The Pew Research Center recently released a statistical report based on fertility rates, estimating that Islam will replace Christianity as the world’s largest religious faith by the year 2070.
These demographic trends, coupled with declining church attendance and the rise of religiously unaffiliated Americans, alarm many faithful Christians who are concerned about the future of our Church. They also increase fear and distrust towards other religions and Islam in particular, and ignite political debates over whether our immigration policy should be based on religion, giving preference to Christians over Muslims. In the midst of these concerns, it is easy to overlook the steady rise of Christianity in the poorest and war-torn countries, the conversions around the world of those who risk their lives to become Christian, the secret building of underground churches despite oppression, and the visible manifestations of Christian faith in conflict zones.
The decline in church attendance and affiliation is a phenomenon limited to developed democracies in Europe and America, and it stands in stark contrast to the continuous spread of the Christian faith in sub-Saharan Africa, arguably the poorest and most neglected region of the world. This region has been a continual conflict zone for several decades because of the Great War of Africa that directly involved nine countries and affected many more, and claimed more than 5 million lives.
Yet it is precisely in these war-torn countries – where food is scarce and stability, security and health care are lacking – that Christian churches are being built, Masses and other religious services are heavily attended, and the faith is flourishing. According to the Pew Research Center, the number of Christians in this region has risen over the course of the last 100 years from about 7 million to approximately 470 million – from 9 percent of the population to 57 percent – and is still rising. Most people are converting from traditional African religious beliefs, but a significant number are converts from Islam, especially in Uganda, where one-third of the people who now identify as Christian were raised Muslim.
Africa is not the only place where people are embracing Jesus in the midst of great hardship. Bangladesh, the fourth-largest Muslim nation in the world, has recently experienced Christian conversions at unprecedented levels. Its Muslim government reports the number of Christians at only 1 percent, but international human rights organizations estimate the number to be closer to 10 percent. Christian converts join mostly underground churches due to the government’s persecution. Despite tremendous hardships, poverty and constant dangers, Christian missionaries and pastors testify that tens of thousands of people have converted to Christianity in the past 12 months, and they predict that Bangladesh could become a predominantly Christian country in their lifetime.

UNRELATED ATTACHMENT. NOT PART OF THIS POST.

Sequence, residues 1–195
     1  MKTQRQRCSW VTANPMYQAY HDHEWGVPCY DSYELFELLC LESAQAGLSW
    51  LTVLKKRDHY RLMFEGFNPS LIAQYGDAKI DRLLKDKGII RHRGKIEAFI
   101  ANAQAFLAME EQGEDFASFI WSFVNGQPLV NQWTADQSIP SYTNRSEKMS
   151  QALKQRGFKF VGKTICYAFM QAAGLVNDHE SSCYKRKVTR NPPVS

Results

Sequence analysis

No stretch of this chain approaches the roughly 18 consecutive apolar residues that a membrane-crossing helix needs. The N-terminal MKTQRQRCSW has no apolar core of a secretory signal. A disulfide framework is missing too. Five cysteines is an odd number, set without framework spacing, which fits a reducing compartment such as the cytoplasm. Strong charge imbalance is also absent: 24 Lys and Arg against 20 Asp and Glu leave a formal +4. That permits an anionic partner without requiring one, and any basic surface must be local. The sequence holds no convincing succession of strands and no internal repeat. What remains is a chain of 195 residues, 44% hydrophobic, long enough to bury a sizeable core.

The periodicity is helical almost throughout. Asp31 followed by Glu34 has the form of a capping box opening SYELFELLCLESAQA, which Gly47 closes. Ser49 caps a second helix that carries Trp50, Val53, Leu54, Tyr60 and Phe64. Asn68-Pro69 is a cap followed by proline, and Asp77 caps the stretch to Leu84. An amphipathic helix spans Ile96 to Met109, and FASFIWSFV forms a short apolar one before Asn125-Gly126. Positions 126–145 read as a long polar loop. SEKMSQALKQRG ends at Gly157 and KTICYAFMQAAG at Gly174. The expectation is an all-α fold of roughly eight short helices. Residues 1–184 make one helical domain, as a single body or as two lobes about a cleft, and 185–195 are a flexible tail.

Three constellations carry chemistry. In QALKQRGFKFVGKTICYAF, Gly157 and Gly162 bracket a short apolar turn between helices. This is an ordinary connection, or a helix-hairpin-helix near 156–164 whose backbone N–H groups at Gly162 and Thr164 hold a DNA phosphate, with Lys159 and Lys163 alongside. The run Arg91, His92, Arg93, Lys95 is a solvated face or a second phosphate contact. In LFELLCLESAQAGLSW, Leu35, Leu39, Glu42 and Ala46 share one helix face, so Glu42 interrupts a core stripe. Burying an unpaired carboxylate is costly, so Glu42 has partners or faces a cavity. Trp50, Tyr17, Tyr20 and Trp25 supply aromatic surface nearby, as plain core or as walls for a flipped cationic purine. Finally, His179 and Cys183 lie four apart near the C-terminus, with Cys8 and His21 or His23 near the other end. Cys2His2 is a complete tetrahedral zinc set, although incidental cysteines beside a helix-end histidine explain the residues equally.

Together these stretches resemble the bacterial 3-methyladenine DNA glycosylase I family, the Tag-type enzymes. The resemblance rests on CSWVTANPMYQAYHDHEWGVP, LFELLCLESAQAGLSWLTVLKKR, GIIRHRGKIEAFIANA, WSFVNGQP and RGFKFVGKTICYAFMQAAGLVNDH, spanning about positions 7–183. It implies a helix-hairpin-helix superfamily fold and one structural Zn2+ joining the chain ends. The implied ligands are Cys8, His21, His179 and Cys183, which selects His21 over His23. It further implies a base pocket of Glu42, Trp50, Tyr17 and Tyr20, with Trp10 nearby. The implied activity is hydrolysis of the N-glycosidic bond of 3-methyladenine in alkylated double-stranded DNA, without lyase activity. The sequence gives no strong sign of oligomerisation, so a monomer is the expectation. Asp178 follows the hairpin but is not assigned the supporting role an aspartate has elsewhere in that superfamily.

Christian persecution and a long-term state of war, which causes traditional Christian communities in the Middle East to dwindle or disappear, is well known and rightly grieved, but the conversions despite this horrific turmoil sometimes remain unnoticed. Many refugees from the Syrian civil war and other regional conflicts are escaping to find safety and better living conditions, but others are also seeking religious freedom. As Christian converts, they could be punished with death if they remain in their home countries.
The number of new Christians in this conflict-prone region is hard to estimate, because converts often experience harassment, violence and torture from extremist Muslims, including within their own families. However, Bishop George Saliba of Beirut, Lebanon, said in a recent interview for Public Radio International that local churches have been overwhelmed by the amount of refugees seeking conversion, and that he personally baptized more than a hundred Muslims from neighboring Syria since the outbreak of the war in 2011.
The conversion of refugees fleeing conflict zones can be observed in Europe, which has been notorious for its declining church attendance and a diminishing role that religious faith plays in the political and social spheres of life among its original Christian population. Despite the fact that Christian converts do not get any advantage over Muslims in being granted asylum, both Protestant and Catholic churches have been surprised by the number of refugees seeking baptism. The Catholic Church in Austria received more than 300 applications for adult baptisms, mostly from refugees, in just the first three months of 2016, the year of the great immigration wave from the Middle Eastern conflict zones. During the same year, several Protestant churches in Germany were so overwhelmed by the number of Muslim immigrants trying to convert that they arranged baptisms to be regularly held in municipal swimming pools. An Anglican church in Liverpool, England, now reportedly has well-attended services conducted in Persian.
These Christian conversions around the world, in the midst of violence and among people fleeing war, are signs of hope for the future of our Church. They show that the Christian faith remains a powerful force in our modern world, and that it can transcend national, ethnic and even religious boundaries to provide hope and comfort to those who need it most.
Dr. Kamila Valenta is a member of St. Gabriel Church in Charlotte and a part-time professor at the University of North Carolina at Charlotte, where she teaches courses on ethnic conflict.